And even if there is, reconsider it. You can keep a password safe database(s) on a thumb drive handcuffed to your wrist if you want to be really paranoid. The databases are encrypted, but if they're physically tethered to you, you'll have to take them with you instead of possibly leaving them unguarded on your desk.
The idea of making different apps all have different passwords (as opposed to single signon or a password safe/PIN vault under a master password) may sound secure, but nobody's memory is that good, and the resulting post-its, unencrypted spreadshhets, Windows Notepad files or whatever means that in reality, you may be less secure, rather than more secure.
I use drop box to hold the keepass database, and then can access that file from any device I own. I'm not sure why more people don't do something similar. My bank, random web sites, etc.. all have long unique passwords that I don't even know. I memorize one long password for drop box, and one long phrase for keepass, that's it.
I probably have 1000's of logins on all sorts of sites for home and work. I'd much rather have them all unique and trust that my keepass file is A) safe on drop box and B) very very difficult to brute force because of the pass phrase length, then trust reusing passwords and having to trust each individual server's security.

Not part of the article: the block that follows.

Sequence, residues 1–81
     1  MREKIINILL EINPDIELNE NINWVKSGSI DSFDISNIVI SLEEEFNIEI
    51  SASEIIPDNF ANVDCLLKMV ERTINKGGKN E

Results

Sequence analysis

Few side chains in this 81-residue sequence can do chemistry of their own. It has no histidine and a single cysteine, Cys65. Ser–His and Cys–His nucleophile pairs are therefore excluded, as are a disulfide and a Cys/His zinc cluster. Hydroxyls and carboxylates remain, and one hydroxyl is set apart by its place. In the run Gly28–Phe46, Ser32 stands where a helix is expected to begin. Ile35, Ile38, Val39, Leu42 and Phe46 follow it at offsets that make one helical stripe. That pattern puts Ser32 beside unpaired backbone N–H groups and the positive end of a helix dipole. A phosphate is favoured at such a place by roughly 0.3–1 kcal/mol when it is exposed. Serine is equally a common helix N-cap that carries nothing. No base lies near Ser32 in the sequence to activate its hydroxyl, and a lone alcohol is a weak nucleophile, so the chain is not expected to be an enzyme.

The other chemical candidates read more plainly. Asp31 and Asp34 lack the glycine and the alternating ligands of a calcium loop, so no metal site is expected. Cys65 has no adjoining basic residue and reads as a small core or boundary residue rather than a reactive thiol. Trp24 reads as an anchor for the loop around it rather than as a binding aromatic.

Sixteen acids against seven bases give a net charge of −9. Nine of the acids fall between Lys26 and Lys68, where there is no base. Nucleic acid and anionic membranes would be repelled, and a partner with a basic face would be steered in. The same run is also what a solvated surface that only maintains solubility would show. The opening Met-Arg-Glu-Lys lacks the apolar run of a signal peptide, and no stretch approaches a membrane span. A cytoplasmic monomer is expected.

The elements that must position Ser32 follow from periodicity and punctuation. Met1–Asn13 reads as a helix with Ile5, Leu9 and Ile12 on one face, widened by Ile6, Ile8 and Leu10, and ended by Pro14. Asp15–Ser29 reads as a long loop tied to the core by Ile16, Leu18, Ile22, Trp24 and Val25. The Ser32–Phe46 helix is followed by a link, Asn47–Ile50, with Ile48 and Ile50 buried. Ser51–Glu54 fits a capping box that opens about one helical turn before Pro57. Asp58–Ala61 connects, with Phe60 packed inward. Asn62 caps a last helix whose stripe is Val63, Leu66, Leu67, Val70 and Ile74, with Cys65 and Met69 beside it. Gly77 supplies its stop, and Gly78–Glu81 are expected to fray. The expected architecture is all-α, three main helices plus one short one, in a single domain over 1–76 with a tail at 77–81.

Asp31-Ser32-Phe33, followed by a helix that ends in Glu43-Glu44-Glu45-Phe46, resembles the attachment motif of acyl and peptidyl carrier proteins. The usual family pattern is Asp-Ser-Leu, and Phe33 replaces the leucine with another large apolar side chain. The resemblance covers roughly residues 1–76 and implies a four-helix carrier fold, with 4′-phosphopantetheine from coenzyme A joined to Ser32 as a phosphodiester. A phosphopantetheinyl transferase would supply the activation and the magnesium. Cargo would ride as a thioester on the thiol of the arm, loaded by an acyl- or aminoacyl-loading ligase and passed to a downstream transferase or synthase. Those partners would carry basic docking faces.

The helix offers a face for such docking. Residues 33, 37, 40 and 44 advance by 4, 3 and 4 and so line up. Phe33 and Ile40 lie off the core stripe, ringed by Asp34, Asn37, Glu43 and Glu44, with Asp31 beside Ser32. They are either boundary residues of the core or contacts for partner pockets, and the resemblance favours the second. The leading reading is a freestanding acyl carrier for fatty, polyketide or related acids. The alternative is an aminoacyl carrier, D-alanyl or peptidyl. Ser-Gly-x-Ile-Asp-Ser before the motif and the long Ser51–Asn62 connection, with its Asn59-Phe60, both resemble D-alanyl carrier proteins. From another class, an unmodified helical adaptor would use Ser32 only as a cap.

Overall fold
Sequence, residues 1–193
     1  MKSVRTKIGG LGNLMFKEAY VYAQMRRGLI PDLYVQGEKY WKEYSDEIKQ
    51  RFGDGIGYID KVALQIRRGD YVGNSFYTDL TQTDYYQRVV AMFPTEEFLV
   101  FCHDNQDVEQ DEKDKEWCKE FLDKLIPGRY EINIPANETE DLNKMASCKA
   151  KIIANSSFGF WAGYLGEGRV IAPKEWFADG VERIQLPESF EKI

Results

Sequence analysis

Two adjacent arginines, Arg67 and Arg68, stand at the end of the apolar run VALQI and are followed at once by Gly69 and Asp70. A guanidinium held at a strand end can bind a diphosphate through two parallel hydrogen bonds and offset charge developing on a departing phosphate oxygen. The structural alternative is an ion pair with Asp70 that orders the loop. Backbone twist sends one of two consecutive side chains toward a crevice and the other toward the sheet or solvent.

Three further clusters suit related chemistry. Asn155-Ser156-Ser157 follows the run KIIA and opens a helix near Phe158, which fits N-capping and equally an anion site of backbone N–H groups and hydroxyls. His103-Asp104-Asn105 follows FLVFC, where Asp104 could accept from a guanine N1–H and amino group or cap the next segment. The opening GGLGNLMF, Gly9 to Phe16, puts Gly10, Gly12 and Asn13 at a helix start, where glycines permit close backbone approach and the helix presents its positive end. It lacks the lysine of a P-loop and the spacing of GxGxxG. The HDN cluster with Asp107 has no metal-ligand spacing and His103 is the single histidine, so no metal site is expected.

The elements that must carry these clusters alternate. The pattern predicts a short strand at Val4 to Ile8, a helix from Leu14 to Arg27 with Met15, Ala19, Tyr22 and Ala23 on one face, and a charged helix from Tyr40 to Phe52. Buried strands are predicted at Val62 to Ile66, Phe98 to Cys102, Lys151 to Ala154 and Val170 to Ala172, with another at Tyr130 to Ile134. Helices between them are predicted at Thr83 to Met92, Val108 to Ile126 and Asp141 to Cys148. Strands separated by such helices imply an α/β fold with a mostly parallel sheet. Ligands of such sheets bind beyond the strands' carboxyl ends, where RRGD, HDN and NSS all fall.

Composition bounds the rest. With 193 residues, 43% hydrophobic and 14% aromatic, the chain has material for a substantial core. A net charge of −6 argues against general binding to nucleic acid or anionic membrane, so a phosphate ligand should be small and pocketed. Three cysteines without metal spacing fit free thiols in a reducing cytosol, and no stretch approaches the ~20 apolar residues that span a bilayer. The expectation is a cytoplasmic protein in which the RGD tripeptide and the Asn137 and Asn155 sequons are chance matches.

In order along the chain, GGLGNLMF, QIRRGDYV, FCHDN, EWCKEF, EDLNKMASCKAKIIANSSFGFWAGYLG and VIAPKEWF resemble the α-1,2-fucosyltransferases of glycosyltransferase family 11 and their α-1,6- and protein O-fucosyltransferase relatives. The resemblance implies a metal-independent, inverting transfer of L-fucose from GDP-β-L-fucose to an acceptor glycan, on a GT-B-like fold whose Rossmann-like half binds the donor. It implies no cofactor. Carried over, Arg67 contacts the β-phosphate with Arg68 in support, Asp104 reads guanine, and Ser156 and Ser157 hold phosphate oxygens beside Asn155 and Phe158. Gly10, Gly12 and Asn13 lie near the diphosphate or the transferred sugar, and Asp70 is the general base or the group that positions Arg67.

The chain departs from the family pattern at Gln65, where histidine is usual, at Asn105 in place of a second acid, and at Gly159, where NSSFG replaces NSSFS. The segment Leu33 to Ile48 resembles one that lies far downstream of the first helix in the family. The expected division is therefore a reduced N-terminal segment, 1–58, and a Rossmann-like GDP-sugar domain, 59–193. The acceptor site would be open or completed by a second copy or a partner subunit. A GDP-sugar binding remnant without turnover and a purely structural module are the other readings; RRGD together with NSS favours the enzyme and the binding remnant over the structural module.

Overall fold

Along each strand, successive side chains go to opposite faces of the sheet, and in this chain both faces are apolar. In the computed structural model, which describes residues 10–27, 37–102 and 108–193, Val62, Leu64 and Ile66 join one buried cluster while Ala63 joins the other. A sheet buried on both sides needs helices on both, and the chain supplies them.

But of course, you will never hear this argument from "environmental activists,"
I am an environmentalist (I think you are kind of suicidal if you are not concerned about sustainable practices... but I digress), and I'm all for deep ocean floating wind farms providing electricity and water.
Someone ran the numbers in a prior post. If you used 10% of the total wind farm energy it would produce only 3% of the L.A.Basin water use. If you wanted to get serious about desalination it would require massive investments in wind and solar farms. And as an environmentalist, I am always in favor of massive investments in green energy:)
I've read a few articles and seen that Ted Talk. Managed herds do seem promising for 'greening deserts', but I have yet to hear anyone involved with this suggest that roaming herds could replace our meat industry.
We consume WAY WAY more meat then managed roaming herds could provide. There just isn't enough land on the planet to give 100 cattle each 100 acres.
Sure, some of our meat could (and is right now) raised on open land, but it is a very small percent compared to feed lots.
Bad phrasing for sure, but it is an issue. There is a total amount of useable water in California each year, and many competing interests. This alfalfa does make 100 billion gallons "disappear" from the pot of total useable water each year. The rivers and rain provide a set amount for California, and that amount is low enough that people always fight about who gets what percent of that set amount.
That is straight up lies.
It is really bad wording, not a lie. The water really is "gone" in the sense that it cannot be used for anything else during that year. California only has X gallons of useable water produced by nature (and imported from other states) to use each year. And there are constant fights over how best to use that relatively small amount of water.
That isn't an option for the majority. If everyone did that, there would be no deer left on the planet in short order.
The water isn't disappearing from the planet, but it is disappearing from what is available for use each year, in a state that already has a lot of fights over who gets to use what amount of water each year. Bad summary article wording.